stephencbird | Sep 19, 2023 |
Reading this play helped me experience characters full of strong emotions, and who were not afraid, or not wise enough to act on them. ( )
  mykl-s | Aug 7, 2023 |
(Stanley takes his shirt off)
  fleshed | Jul 16, 2023 |
Stepping off a streetcar run by the Desire line in New Orleans, the flighty Southern belle Blanche DuBois steps into the lives of her sister Stella and her primally masculine, roughneck husband Stanley, who live in a small, two-room apartment in an unpromising district of the city. What follows is a series of entertaining sparks from Tennessee Williams' carefully-crafted tinderbox.

There might not be any deeper theme to Williams' play, beyond the idea that people "needn't [be] cruel to someone alone" (pg. 81) – an irony brought home by the play's famous line, delivered by Blanche, that she has "always depended on the kindness of strangers" (pg. 107). Said by Blanche at a moment in the play when she has been treated cruelly – and needlessly so – it throws into tragically harsh light the idea that, with such a worldview, Blanche was always destined to be crushed by cold reality. Her old-fashioned idea of how people should interact (even if she doesn't follow it herself) comes up against the brute reality-check of Stanley Kowalski. And it's not that Stanley is particularly villainous. Blanche was always eventually going to cross paths with someone who would provide this reality-check.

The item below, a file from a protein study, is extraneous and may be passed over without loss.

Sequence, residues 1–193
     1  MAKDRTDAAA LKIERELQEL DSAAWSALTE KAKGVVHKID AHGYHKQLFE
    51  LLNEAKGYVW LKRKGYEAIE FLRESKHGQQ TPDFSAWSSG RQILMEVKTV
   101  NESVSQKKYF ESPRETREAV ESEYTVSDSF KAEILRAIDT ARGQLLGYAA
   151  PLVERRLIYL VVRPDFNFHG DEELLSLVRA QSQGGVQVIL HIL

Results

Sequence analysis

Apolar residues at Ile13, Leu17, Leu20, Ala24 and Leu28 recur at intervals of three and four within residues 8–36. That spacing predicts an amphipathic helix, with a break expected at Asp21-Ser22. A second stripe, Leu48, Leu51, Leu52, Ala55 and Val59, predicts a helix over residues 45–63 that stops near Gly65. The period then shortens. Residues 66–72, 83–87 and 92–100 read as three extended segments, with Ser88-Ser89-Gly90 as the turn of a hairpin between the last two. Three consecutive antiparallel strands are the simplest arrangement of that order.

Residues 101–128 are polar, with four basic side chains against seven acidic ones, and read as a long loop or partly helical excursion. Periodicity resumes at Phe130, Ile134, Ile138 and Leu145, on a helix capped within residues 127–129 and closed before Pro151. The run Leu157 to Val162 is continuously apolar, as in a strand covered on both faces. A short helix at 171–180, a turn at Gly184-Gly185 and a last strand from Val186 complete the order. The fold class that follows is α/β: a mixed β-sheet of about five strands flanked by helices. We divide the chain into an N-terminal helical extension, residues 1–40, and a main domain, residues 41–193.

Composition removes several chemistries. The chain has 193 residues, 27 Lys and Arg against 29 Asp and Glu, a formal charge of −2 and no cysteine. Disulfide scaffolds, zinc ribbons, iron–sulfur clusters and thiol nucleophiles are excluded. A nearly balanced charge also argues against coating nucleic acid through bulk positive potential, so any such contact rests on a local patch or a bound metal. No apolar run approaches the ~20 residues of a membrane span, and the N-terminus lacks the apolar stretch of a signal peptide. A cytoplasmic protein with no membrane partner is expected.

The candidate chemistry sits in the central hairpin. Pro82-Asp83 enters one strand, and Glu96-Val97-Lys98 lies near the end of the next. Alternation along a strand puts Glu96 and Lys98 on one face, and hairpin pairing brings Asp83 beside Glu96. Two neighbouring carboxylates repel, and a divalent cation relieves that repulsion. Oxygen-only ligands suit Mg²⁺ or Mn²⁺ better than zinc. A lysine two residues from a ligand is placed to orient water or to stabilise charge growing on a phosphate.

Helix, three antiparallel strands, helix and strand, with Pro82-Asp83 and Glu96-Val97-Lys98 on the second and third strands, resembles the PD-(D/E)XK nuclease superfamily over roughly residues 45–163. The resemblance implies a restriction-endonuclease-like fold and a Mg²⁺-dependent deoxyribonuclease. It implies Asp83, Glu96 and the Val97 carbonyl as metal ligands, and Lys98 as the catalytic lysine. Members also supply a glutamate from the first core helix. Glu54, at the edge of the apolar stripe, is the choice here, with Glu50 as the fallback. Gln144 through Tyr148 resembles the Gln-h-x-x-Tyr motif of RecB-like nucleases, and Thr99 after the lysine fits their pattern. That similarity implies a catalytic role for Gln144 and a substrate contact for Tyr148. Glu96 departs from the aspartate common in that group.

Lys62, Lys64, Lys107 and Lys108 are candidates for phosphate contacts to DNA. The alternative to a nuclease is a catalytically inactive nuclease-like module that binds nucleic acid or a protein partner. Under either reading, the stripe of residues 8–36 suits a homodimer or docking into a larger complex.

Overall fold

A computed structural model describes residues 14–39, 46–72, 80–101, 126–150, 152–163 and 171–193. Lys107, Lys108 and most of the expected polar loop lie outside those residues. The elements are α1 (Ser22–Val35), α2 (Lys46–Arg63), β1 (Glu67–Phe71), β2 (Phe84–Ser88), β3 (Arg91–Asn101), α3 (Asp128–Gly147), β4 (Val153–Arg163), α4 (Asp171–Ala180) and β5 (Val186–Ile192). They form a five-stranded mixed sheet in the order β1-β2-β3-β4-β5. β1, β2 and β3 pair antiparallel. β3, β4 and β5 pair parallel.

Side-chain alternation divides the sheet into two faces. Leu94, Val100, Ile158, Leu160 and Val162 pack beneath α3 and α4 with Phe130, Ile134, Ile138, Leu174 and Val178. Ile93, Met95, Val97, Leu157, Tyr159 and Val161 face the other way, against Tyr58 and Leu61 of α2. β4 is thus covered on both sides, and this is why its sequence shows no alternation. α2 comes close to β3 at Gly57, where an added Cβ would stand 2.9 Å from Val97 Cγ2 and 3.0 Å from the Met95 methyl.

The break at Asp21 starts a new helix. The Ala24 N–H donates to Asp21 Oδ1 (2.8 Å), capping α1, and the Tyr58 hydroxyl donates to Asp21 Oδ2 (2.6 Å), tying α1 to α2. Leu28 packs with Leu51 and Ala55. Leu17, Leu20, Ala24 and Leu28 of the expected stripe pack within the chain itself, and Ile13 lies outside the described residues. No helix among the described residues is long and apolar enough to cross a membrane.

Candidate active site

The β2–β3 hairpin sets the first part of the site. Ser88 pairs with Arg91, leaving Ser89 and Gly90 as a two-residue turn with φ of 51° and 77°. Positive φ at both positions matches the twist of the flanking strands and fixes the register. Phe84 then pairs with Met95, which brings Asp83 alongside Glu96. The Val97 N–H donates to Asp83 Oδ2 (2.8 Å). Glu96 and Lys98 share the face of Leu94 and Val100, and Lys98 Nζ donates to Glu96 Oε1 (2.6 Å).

There are things to discuss then, but less in theme and more in how the characters interact. I didn't find Blanche as sympathetic as many others appear to, and I thought the real victim of the story was Stella, caught between her overpowering and high-maintenance sister Blanche on one hand and her abusive husband Stanley on the other. I would have liked the play to focus more on the compromises Stella makes than the traps that Blanche wilfully falls into. The question of why women like Stella stay with men like Stanley is an interesting one, but one that the play does not take the opportunity to address – and one which hasn't, as far as I am aware, really been addressed in commentary on the play. Stanley has become rooted in popular culture as a smouldering and desirable bad boy, epitomised in his famous portrayal by Marlon Brando, and while this might be great for the play's popularity it distracts from the real implications of Stanley. Mostly, the orthodox ruling on the play has been that Stanley is a predatory male, a brute and a villain, and that Blanche and Stella are innocent birds caught in his trap – while simultaneously granting us licence to swoon over him when shirtless (a hypocrisy also found in modern depictions of Mr. Darcy in Pride and Prejudice). Such an orthodoxy denies the two women characters the agency they display on every page – it is a Blanche-like fiction obscuring the cold realism the man provides.